CDC have produced a whopping and very detailed report on cat scratch disease (aka cat scratch fever) in the USA. The findings might interest some people.
They start off with the obvious: cat scratch disease (CSD) is mostly preventable. They must mean that you avoid it by avoiding being scratched – hardly worth stating. This leads me immediately to one of the major conclusions of the survey namely that CSD affects children between the ages of 5 and 9 more than any others. Children under the age of 14 accounted for 32.5% of diagnoses of CSD overall. This should also be unsurprising and is indicative of the fact that children are sometimes untrained to handle cats properly. This is important because when kids get scratched or bitten because of poor handling techniques sometimes parents decide to abandon the cat.
Amongst adults CSD mostly affects women in the age bracket 60-64 years-of-age at 0.3 cases per 100,000 compared to kids at 6.6 per 100,000). This probably reflects the old adage that more women prefer to care for domestic cats than men.
Most outpatients for CSD at hospitals were women and girls at 62%. However males were more likely to be admitted as inpatients for CSD. To me this points to the well known problem that men have of not seeking medical advice quickly enough which allows the condition to deteriorate.
The average annual incidence of CSD in the USA is 4.5 hospital outpatients per 100,000 people. A small fraction of people suffering from CSD became inpatients at hospital at 0.19 per 100,000 people.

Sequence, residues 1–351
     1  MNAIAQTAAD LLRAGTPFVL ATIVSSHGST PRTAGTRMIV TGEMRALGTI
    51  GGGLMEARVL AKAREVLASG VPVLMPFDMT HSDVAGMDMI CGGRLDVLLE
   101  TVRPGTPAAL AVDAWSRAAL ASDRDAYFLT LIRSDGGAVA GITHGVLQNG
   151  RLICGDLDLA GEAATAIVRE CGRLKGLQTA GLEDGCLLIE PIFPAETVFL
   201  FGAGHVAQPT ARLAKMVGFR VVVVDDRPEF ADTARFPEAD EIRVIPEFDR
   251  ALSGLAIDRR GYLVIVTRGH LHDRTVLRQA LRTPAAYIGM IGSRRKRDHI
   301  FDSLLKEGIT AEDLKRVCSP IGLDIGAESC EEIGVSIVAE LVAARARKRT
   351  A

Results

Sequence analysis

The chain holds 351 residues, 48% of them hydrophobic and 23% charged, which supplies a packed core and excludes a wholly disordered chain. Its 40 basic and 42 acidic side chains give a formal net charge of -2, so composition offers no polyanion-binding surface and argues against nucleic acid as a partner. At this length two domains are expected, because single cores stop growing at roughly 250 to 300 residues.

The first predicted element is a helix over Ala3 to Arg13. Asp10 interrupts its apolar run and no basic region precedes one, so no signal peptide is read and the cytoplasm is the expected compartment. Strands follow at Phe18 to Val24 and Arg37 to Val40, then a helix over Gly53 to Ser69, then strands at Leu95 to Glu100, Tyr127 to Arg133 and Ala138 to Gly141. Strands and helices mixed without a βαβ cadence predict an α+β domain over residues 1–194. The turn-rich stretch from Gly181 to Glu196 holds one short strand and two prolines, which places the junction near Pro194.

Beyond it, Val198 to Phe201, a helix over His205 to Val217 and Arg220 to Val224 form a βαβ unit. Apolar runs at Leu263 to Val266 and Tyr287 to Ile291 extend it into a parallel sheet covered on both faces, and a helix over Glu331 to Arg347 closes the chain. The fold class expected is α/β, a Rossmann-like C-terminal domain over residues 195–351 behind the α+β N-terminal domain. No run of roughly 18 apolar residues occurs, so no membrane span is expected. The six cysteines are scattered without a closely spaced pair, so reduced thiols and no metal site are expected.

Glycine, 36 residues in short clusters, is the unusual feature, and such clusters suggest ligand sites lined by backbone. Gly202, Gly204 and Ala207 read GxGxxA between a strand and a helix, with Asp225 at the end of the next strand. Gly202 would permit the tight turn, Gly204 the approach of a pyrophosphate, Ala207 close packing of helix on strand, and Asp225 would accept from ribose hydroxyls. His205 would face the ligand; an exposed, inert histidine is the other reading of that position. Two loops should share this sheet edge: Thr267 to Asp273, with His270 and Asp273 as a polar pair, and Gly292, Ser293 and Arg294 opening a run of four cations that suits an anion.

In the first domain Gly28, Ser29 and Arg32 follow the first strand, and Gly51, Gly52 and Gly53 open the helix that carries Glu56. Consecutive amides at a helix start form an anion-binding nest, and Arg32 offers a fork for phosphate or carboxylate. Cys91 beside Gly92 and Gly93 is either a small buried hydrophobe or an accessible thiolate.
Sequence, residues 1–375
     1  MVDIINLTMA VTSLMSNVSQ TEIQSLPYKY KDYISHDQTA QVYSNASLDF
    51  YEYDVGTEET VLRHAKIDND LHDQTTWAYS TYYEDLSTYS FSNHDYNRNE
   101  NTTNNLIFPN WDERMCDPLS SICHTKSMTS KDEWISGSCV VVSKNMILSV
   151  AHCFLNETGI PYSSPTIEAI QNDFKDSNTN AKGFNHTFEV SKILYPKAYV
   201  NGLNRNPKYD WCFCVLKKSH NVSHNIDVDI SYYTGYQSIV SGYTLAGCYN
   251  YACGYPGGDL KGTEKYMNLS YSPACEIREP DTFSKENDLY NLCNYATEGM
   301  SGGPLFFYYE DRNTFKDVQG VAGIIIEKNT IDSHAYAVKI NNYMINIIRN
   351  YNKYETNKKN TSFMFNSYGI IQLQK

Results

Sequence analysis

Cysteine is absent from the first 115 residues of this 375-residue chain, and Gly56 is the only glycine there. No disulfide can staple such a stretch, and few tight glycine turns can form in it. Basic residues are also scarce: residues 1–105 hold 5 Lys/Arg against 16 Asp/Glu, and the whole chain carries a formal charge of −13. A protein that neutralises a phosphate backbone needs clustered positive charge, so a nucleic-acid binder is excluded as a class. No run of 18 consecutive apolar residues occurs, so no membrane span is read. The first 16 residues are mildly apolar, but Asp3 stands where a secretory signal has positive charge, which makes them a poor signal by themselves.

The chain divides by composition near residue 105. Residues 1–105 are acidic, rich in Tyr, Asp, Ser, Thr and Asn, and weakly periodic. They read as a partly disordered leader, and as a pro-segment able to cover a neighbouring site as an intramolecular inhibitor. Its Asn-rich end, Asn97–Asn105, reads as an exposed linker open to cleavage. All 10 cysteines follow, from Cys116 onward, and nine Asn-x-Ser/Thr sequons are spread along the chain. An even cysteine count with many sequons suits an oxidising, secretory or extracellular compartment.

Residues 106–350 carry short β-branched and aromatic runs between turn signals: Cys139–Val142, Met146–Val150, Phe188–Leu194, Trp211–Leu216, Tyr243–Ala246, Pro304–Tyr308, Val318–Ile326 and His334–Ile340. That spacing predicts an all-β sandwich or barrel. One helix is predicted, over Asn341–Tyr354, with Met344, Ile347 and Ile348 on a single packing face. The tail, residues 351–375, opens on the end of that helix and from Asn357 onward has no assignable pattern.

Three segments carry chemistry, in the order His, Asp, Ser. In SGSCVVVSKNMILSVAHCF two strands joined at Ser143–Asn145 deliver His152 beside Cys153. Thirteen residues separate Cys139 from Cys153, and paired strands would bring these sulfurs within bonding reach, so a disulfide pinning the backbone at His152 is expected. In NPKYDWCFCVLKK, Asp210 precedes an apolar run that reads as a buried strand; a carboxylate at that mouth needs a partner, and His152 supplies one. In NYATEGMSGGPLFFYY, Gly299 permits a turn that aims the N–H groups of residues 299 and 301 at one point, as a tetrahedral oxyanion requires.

January is the season for CSD! The second worst season is August to November. Why is January the season for CSD? It is speculated that cats are “adopted from shelters more often during the holiday season for sentimental reasons of gifts”. Another possibility is that teenagers and middle-aged adults are more at home in January in contact with their cat. Also cats are more likely to be indoors during January.
The incidence of CSD is highest in the West South Central, East South Central and South Atlantic Divisions (see map below to reference these regions).
The occurrence of people attending hospital as outpatients with CSD has declined. In 2005 the incidence was 5.7 per 100k to a low of 4.0 per 100k in 2013. The southern states mostly benefited from this decline in occurrence. The level of inpatients has remained somewhat static over the period 2005-2013.
The proportion of people who were hospitalised increased slightly from 3.5% in 2005-2007 to 4.2% in 2011-2013.
The decline in outpatients is unexpected as there are more domestic cats nowadays. However, there is better control of cat fleas reducing the risk for B. hensalae transmission to humans.
Clearly hospitalisation occurs because sometimes the symptoms of CSD are serious in affecting a person’s sight and/or brain. There are other symptoms such as inflammation of the joints and Endocarditis – inflammation of the heart lining. You can read a full description of symptoms by clicking on this link.
If you’d like to read the full CDC report please visit this page.